Ideas and insights for today’s people-centered leaders.

CULTURE

6 MIN READ

Retain, Retrain, Rehire Employees

Is the solution to high turnover to retain, retrain, or … rehire? In the mid 1990s, average job tenure for men was 4 years (3.5 for women). These days, the average employee will stay at their current position for 2.5 years, which means many people are staying at their companies for even less time. 

High turnover costs employers a lot of money. Hiring, training, and the loss of valuable skills led to many companies looking to optimize their talent retention strategies to meet business outcomes. You may already be using people analytics to improve retention, invest in your employee experience, and build a more diverse and inclusive workplace—but sometimes people will leave anyway. 

Fortunately, the world is your org chart, goodbye is not forever, and even after employees quit or are laid off, people analytics still has a powerful role to play.


People analytics improves employee retention—to a point

The 2021 Bureau of Labor Statistics reported the overall turnover rate at 57.3%. It’s unavoidable: many of the people working at your organization today will not be working there a few years or even months from now. 

Even after the pandemic began to recede, workers kept leaving, and many are not coming back to work. In February, more than half of the 4.4 million Americans who left their jobs went to another occupation or line of work. Many went on to start their own businesses rather than work for someone else. This reduced labor pool of potential employees made many businesses invest in people analytics to target retention. This does help. But even with those employees who do give two weeks’ notice, it’s not necessarily the end.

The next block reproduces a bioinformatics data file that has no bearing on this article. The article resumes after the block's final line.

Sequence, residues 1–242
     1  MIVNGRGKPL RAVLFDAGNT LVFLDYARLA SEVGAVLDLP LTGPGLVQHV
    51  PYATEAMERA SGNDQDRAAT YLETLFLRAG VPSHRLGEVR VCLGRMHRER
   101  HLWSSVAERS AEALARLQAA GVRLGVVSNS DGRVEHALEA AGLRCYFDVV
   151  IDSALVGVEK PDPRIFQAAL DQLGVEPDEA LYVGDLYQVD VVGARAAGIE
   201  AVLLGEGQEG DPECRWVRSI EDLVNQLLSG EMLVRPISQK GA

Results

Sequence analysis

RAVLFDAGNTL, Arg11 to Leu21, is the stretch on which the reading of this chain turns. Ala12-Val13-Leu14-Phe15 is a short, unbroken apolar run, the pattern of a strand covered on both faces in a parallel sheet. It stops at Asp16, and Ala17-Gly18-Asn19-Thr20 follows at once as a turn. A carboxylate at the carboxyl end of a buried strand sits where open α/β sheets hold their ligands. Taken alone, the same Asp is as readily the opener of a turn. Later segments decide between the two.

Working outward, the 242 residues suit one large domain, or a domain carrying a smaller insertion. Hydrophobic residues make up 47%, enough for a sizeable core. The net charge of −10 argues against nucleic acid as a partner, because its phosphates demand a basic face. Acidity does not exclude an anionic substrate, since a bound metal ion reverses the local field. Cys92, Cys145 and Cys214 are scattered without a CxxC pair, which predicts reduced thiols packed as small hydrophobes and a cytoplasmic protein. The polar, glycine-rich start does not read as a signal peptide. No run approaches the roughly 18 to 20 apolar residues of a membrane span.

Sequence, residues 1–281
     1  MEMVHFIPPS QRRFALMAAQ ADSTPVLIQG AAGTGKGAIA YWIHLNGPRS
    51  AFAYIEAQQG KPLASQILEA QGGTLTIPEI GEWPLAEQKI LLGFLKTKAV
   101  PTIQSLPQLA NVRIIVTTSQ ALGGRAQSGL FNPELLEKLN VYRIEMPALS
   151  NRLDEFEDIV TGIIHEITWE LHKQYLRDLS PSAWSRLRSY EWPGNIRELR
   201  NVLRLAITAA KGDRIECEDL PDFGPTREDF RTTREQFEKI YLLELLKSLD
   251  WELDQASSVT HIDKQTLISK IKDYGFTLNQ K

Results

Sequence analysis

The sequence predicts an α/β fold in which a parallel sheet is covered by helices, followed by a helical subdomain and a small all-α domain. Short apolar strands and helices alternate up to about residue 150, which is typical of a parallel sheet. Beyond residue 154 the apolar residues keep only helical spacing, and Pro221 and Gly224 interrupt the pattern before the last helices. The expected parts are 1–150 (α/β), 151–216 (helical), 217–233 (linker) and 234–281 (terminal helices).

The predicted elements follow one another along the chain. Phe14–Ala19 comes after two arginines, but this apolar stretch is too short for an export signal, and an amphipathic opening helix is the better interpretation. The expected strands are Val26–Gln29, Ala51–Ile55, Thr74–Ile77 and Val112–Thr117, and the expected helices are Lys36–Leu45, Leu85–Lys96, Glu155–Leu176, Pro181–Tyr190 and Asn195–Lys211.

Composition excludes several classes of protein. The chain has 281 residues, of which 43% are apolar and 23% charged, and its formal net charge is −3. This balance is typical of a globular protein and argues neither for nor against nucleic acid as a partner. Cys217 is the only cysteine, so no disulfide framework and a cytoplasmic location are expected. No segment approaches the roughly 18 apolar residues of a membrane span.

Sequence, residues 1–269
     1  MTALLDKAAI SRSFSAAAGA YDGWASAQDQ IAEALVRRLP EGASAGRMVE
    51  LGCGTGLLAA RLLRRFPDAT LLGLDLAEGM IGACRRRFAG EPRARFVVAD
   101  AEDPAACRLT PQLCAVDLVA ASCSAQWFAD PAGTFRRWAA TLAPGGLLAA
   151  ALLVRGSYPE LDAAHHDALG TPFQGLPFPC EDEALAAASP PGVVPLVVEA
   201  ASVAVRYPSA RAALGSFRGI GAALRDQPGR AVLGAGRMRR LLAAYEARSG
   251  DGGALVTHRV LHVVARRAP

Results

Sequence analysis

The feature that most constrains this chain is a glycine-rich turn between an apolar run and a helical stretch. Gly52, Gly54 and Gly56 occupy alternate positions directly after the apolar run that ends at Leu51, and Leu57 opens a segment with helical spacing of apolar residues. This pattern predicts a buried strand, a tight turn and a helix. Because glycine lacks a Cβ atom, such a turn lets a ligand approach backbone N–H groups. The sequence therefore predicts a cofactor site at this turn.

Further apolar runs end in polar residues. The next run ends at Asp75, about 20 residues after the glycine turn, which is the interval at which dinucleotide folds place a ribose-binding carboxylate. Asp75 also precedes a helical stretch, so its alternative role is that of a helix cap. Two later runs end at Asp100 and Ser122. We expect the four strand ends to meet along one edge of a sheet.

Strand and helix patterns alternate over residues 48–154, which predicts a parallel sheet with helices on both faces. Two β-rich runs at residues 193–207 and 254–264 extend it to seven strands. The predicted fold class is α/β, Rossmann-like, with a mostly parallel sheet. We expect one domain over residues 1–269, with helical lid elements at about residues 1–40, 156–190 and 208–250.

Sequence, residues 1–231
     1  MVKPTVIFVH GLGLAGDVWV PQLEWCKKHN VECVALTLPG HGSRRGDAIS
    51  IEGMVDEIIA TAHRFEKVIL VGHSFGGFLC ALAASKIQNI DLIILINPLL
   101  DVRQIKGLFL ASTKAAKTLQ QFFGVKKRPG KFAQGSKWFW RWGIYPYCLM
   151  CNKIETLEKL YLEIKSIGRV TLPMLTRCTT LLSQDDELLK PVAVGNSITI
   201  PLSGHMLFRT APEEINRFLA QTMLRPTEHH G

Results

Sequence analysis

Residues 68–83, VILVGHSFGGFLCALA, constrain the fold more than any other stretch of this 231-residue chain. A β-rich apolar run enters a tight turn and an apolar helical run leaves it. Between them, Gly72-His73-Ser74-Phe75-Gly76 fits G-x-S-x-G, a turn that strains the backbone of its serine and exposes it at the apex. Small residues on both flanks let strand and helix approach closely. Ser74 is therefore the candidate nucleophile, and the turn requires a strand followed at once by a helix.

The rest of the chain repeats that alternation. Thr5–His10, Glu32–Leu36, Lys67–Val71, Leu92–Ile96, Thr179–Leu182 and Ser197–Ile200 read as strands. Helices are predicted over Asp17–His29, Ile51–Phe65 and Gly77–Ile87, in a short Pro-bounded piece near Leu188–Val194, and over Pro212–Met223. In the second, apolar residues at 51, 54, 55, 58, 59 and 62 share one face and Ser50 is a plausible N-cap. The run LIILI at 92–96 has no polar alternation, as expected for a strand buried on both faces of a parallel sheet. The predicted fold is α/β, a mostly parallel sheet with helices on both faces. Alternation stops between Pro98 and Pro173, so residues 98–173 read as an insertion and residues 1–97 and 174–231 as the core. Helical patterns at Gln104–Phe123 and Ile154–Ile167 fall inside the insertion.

The skills game of rehiring and retention

Improving retention has value, but the other side of preparing for turnover is building stronger relationships with current employees. This doesn’t just improve loyalty and engagement to improve retention, it also leaves a door open for rehireable employees.

Organizations that choose change by putting their people first and building a culture of trust and transparency will come out on top.

“Organizations that choose change by putting their people first and building a culture of trust and transparency will come out on top,” said Dan Riley, co-founder of Radicl.

In 2021, a Visier report found that 27% of all external hires had a resignation event at the same company within the past three years. These “boomerang” employees prove that even after a person resigns, there’s a chance goodbye is not forever. 

While some employees leave because of dissatisfaction with their current pay levels, many find new positions to pursue new skills. However, they often command higher salaries when they come back. Our data shows that ‘boomerang employees’ earned more when rehired at a former employer.

Balking at the idea of a pay increase? Train the people you have now. Cross-skilling and upskilling your people doesn’t just improve employee satisfaction by keeping people engaged and building their careers, it also can also reduce talent acquisition costs by creating the employee you need from within your current employee base. A known strategy is ensuring that your organization’s learning and development and career progression programs meet the needs of your employees. Start by assessing what skills employees are developing within your organization. 


Keep the door open for rehireable employees